Trade and the environment in the context of the World Trade Organization
NU. CEPAL. Sede Subregional para el Caribe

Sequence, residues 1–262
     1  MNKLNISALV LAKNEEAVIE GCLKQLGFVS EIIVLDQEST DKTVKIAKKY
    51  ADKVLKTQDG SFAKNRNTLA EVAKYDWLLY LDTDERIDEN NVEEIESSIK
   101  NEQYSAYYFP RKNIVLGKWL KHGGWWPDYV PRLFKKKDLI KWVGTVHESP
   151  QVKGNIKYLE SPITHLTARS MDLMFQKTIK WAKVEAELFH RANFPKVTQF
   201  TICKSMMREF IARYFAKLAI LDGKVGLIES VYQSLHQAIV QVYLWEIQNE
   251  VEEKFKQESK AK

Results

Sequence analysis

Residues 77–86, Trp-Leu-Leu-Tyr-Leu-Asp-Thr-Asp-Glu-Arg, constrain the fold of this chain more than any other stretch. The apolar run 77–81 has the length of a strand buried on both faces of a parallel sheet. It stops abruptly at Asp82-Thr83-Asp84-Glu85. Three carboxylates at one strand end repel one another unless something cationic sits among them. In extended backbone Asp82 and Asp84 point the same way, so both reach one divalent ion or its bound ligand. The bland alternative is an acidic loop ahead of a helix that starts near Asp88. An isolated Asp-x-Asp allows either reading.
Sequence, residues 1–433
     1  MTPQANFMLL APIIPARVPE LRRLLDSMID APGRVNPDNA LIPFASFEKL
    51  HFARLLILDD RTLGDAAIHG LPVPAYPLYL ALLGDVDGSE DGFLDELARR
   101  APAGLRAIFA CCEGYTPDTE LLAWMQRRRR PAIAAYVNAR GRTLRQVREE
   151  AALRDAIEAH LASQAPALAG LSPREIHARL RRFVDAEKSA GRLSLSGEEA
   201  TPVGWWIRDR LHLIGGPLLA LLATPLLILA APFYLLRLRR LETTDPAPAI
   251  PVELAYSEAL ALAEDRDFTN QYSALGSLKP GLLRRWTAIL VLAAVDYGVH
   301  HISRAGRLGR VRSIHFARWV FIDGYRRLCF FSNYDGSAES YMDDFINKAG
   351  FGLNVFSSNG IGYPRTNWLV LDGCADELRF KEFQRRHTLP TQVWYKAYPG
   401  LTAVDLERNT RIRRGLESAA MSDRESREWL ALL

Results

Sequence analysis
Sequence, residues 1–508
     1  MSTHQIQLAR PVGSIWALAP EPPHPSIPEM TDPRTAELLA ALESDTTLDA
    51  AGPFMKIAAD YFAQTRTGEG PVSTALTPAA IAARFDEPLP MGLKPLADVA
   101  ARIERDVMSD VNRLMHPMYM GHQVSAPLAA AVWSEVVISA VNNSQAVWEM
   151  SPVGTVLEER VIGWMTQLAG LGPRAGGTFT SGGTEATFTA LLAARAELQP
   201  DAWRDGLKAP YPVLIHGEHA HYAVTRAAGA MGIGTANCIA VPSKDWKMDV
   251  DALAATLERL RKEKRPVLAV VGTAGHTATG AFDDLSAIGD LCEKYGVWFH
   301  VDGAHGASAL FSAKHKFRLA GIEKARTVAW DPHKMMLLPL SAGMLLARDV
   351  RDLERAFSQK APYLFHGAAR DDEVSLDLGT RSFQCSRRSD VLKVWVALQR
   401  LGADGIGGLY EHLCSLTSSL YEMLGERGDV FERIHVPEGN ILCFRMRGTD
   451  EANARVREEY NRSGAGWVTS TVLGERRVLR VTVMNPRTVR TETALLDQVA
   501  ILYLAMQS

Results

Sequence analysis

Includes bibliographySummary The Uruguay Round of trade talks sought to bring agriculture and textiles progressively under the ambit of international trade rules and regulations. It also sought to extend the coverage of international trade rules to trade in services, intellectual property rights and trade-related investment measures. The implementation of trade liberalization programmes around the world has resulted in increased competition and the consequent exposure of many previously protected domestic industries to foreign competition. The decrease in the use of the usual barriers to trade and investment, i.e. tariffs, quotas, exchange controls, etc., has turned attention to domestic regulations, including those related to the environment, which are increasingly being challenged as a new category of barriers to trade and investment.